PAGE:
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How to wear contact lenses?

Jun 20, 2019

According to different standards, there are many types of contact lenses. According to the different materials of glasses, they can be divided into soft and hard:

Soft contact lenses are made of flexible plastic that allow oxygen to pass through the cornea. This type of contact lens will have a specific replacement cycle, such as daily throwing, monthly throwing, half-year throwing, and annual throwing.

Hard contact lenses, which are more durable, resistant to deposition, are easier to handle, and are less prone to tearing.


According to the wearing cycle, it can be divided into long-term and single-type:

Long-wearing type can be soft or hard. After each removal, you should rest at least one night without wearing contact lenses, otherwise it will cause eye damage.

Single-shot, a disposable contact lens, "one-time" refers to single use and disposal, as defined by the FDA. The “Daily Wear” (DW) contact lens was originally designed to be worn for a day and then removed before bedtime. Disposable contact lenses are useful for people who don't wear contact lenses often, or when it's possible or difficult to change contact lenses, such as on vacation.

Wearing contact lenses corrects vision and helps correct focus by correcting ametropia for a clearer vision.

Contact lenses allow the light to bend evenly in all directions (horizontal, vertical, etc.), which are commonly used to correct myopia and hyperopia.

The horizontal focus force of the vertical contact lens is different from the vertical focus force, so the astigmatism can be corrected. Some spherical rigid lenses can also correct astigmatism.

The beauty we often refer to is classified as a decorative contact lens in the United States and does not have corrective function. However, like other contact lenses, beauty may also cause complications, including eye irritation, redness, and infection.

Some of the beauty is just to color the iris, highlight the natural color of the iris, and some will completely cover the iris, greatly changing the color of the eye.

In recent years, in East Asia, including China, Japan, and South Korea, circular contact lenses are very popular. This kind of beauty makes a circle of dark areas around the iris, extending the appearance of the iris to the sclera, and wearing this contact lens. The iris looks bigger and wider, and the eyes look like dolls.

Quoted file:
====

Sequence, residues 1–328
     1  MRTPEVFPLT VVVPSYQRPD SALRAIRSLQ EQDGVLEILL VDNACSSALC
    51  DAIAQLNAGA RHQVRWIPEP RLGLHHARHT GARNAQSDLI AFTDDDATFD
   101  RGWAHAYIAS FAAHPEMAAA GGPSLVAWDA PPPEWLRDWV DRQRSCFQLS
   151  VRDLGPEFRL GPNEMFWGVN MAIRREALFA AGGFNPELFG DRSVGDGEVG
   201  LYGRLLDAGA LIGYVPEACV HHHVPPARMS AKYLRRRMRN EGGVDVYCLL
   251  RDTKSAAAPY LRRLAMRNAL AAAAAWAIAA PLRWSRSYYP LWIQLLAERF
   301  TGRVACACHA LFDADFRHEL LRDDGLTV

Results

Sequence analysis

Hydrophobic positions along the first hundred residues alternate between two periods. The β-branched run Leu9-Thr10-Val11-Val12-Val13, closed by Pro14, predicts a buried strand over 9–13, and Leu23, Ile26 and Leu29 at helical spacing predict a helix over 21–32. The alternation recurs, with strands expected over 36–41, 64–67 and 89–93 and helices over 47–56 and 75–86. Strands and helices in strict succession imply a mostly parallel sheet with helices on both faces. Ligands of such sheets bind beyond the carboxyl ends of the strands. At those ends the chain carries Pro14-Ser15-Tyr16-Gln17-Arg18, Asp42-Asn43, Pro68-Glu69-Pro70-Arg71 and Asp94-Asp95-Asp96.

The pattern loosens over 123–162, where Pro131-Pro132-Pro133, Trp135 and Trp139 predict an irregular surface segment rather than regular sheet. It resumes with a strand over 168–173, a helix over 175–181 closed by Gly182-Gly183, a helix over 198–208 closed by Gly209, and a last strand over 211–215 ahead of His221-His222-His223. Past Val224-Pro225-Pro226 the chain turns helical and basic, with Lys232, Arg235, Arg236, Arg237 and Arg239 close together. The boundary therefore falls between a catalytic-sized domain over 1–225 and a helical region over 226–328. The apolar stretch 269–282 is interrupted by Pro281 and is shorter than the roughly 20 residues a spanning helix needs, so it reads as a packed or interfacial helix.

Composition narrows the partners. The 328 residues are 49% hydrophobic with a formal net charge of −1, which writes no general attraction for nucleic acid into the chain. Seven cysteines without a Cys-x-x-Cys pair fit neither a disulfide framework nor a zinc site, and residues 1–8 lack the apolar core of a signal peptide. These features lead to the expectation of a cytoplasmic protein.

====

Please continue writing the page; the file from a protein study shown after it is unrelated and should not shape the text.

Meilu is not only a "vase" that can't be used in the middle, but also has more direct medical applications. For example, some contact lenses can restore the appearance of damaged or missing irises and restore the function of the iris to some extent.


About 5% of wearers are affected by contact lens complications each year, largely due to incorrect or no regular contact lens replacement.

One of the main causes of complications is that the contact lens itself constitutes an oxygen barrier that prevents the cornea from acquiring oxygen normally. The cornea requires a constant supply of oxygen to maintain complete transparency and normal function. When people are awake, the cornea usually gets oxygen in the air around it. When people are asleep, the cornea gets oxygen from the blood vessels in the back of the eyelids.

Long-term, chronic hypoxic conditions can cause corneal bacterial adhesion, microcapsules, corneal edema, endothelial cell hyperplasia, dry eye and myopia.

Long-term wear (more than 5 years) of contact lenses may reduce the entire corneal thickness and increase corneal curvature and surface irregularities.

In general, if you are using a multi-purpose contact lens solution, replace the contact lens storage case at least every 3 months or as directed by an ophthalmologist. If you use a contact lens solution containing hydrogen peroxide, be sure to use the new contact lens case that comes with each box and follow the instructions on the package or inside.

It’s not a good thing to wear contact lenses. The glasses are fragile and delicate. No matter which glasses you wear, you should pay attention to cleaning and how to use them. It is everyone’s responsibility to protect your eyes.